The following is an excerpt from the MLA Handbook for Writers of Research Papers, Theses, and Dissertations, ed. Joseph Gibaldi and Walter S. Achtert (New York: The Modern Language Association of America, 1977), pp. 9–41.

10    Punctuation

a.  General remarks. The primary purpose of punctuation is to ensure the clarity and readability of your writing. Although there are many required uses, punctuation is, to some extent, a matter of personal preference. But, while certain practices are optional, consistency is mandatory. Writers must guard against adopting different styles in parallel situations. The remarks below stress the conventions that pertain especially to research papers. More comprehensive discussions of punctuation can be found in standard handbooks of composition ….

b.  Apostrophes indicate contractions (rarely acceptable in scholarly writing) and possessives. General practice is to form the possessive of monosyllabic proper names ending in a sibilant sound (s, z, sh, zh, ch, j) by adding an apostrophe and another s (Keats’s poems, Marx’s theories) except, by convention, for names in classical literature (Mars’ wrath). In words of more than one syllable ending in a sibilant, only the apostrophe is added (Hopkins’ poems, Cervantes’ novellas) except for names ending in a sibilant and a final e (Horace’s odes). Note that the possessive of a name ending with a silent s is formed by adding an apostrophe and another s (Camus’s novels).

c.  Colons are used to indicate that what follows will be an example, explanation, or elaboration of what has just been said. They are commonly used to introduce quotations (see §§ 14b, 14c, and 14f). For their use in documentation and bibliography, see §§ 31c, 31h, and 41c. Always skip one space after a colon.

d.  Commas are usually required between items in a series (blood, sweat, and tears), between coordinate adjectives (an absorbing, frightening account), before coordinating conjunctions joining independent clauses, around parenthetical elements, and after fairly long phrases or clauses preceding the main clause of a sentence. They are also conventional in dates (January 1, 1980), names (W. K. Wimsatt, Jr., and Walter J. Ong, S.J.), and addresses (Brooklyn, New York). A comma and a dash are never used together in modern English usage. If the context requires a comma (as it does here), the comma follows a closing parenthesis, but a comma never precedes an opening parenthesis. See §§ 31, 33, 35, and 41 for the usage of the comma in documentation and bibliography; see §14f for commas with quotation marks.

e.  [Em] dashes. An [em] dash is typed … with no space before or after. Some writers tend to overuse [em] dashes, substituting them loosely for other marks of punctuation. The [em] dash, however, has only a few legitimate uses: around parenthetical elements that require a number of internal commas, and before a summarizing appositive.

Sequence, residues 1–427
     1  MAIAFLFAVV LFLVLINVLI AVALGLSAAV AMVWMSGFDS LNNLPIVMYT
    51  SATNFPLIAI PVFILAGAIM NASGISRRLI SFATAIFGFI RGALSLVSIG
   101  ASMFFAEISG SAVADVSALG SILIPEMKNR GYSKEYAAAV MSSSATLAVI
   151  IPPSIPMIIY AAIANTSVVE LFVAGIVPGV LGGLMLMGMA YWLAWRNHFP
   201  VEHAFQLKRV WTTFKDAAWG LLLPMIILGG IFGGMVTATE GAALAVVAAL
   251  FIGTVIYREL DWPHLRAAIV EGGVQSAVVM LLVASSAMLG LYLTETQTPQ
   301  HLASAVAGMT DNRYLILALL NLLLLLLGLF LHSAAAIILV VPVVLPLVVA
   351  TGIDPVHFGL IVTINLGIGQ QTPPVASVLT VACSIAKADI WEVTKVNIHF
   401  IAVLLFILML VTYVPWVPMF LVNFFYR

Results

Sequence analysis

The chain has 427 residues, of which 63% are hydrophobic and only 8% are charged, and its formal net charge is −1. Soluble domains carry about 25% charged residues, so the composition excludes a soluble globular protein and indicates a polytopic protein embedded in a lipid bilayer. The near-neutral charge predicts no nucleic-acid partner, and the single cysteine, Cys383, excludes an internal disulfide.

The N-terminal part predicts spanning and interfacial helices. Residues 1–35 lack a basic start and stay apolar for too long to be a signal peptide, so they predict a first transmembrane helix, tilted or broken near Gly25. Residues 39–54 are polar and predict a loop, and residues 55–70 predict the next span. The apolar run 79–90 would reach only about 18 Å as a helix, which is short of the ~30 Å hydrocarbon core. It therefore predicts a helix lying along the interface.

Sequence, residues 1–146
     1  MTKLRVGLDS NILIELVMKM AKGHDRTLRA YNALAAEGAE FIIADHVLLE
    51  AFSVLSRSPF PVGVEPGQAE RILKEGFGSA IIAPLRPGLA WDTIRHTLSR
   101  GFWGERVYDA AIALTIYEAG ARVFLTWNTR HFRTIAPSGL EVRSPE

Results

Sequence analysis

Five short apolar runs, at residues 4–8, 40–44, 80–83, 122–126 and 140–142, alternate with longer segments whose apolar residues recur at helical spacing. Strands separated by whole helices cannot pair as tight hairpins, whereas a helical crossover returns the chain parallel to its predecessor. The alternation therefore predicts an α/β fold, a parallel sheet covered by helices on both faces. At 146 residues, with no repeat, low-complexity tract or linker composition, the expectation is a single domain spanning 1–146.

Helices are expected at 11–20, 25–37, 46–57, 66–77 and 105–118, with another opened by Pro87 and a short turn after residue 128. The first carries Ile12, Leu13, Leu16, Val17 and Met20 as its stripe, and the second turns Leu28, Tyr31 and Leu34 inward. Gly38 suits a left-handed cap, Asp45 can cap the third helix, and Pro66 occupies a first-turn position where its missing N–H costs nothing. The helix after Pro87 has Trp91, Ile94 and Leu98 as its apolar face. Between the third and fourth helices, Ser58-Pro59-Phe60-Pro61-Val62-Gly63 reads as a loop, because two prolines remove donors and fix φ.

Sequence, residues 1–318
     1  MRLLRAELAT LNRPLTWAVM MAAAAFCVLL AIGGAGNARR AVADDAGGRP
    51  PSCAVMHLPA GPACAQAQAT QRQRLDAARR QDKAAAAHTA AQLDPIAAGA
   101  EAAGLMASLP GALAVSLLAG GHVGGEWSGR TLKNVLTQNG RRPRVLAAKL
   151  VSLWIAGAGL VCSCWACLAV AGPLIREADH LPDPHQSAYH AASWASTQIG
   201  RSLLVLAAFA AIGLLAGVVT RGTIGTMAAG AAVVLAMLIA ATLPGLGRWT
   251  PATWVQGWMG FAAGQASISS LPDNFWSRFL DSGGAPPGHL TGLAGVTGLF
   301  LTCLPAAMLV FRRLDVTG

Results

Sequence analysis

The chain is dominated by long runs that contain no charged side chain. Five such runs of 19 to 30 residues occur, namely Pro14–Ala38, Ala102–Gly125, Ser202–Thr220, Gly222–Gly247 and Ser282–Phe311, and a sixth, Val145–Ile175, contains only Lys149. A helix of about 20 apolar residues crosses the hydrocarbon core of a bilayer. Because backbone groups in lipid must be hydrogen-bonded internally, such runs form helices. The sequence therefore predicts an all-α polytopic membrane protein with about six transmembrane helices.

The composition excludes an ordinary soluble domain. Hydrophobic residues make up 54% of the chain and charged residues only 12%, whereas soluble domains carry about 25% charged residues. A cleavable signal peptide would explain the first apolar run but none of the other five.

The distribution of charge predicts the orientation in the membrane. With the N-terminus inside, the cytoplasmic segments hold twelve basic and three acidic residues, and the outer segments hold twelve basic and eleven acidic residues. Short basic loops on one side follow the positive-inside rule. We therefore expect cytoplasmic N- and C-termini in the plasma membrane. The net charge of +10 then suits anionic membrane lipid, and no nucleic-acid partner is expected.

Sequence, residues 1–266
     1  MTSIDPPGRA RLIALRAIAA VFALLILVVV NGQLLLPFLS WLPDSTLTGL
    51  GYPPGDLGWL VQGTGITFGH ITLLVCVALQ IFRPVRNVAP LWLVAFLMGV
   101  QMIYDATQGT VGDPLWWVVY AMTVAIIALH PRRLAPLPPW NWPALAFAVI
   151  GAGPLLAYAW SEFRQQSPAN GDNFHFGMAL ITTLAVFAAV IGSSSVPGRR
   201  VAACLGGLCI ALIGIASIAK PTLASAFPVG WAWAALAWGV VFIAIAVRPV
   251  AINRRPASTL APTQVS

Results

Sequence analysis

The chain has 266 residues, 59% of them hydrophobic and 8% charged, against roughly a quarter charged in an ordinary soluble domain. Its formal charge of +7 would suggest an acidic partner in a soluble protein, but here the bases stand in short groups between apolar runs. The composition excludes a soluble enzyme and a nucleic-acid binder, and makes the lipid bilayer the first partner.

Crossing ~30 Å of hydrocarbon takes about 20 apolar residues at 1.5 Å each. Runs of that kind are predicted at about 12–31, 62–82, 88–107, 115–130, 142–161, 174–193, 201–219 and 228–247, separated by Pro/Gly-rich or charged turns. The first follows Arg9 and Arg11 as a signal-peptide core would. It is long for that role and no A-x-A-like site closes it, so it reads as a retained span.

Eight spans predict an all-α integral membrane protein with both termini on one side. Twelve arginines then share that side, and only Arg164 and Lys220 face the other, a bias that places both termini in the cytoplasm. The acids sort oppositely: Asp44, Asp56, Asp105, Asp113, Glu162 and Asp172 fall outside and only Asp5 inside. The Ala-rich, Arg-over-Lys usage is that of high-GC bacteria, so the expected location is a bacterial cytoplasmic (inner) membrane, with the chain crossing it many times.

Carter’s sweep of the South—Virginia was the only Southern state to vote Republican—helped give him the election.

Many twentieth-century American writers—Faulkner, Capote, Styron, Williams, to name only a few—come from the South.

Stray dogs, abandoned cats, injured birds, orphaned baby rabbits—all found a home with us.

See §39 for use of the [em] dash in documentation.

f.  Exclamation marks should be used sparingly in scholarly writing.

g.  Hyphens are used to form some types of compound words, particularly compound adjectives that precede the word(s) they modify (a mind-boggling experience, a well-established policy, a first-rate study). Hyphens also join prefixes to capitalized words (post-Renaissance) and link pairs of coequal nouns (poet-priest, teacher-scholar). Many other compounds, however, are written as one word (wordplay, storytelling) or as two (social security tax, a happily married man). Consult a standard dictionary or writing manual for guidance in determining which compounds require hyphenation. [En dashes rather than hyphens should be] used to connect numbers indicating a range (pp. 1–20). For the use of hyphens in dates, see §11c; for hyphens in unavoidable word divisions at the end of a line, see §12b.

h.  Italics …. Avoid frequent use of italics … for emphasis. (On the [italicizing] of titles, see §13.) Phrases, words, or letters cited as linguistic examples and foreign words used in English text are [italicized]. The numerous exceptions to this last rule include quotations entirely in another language, titles of articles in another language (placed within quotation marks), proper names, and foreign words anglicized through frequent usage. Since [North] American English rapidly naturalizes words, use a dictionary and your own knowledge of current usage to determine which originally foreign expressions still require italics. Much, of course, depends on the audience. Foreign words, abbreviations, and phrases commonly not [italicized] include: etc., e.g., et al., laissez faire, raison d’être, tête-à-tête, and versus. In discussions of the arts, such words or expressions as the following are also not [italicized]: cliché, enjambment, genre, hubris, leitmotif, mimesis, and roman à clef. (On italicizing abbreviations, see §47.)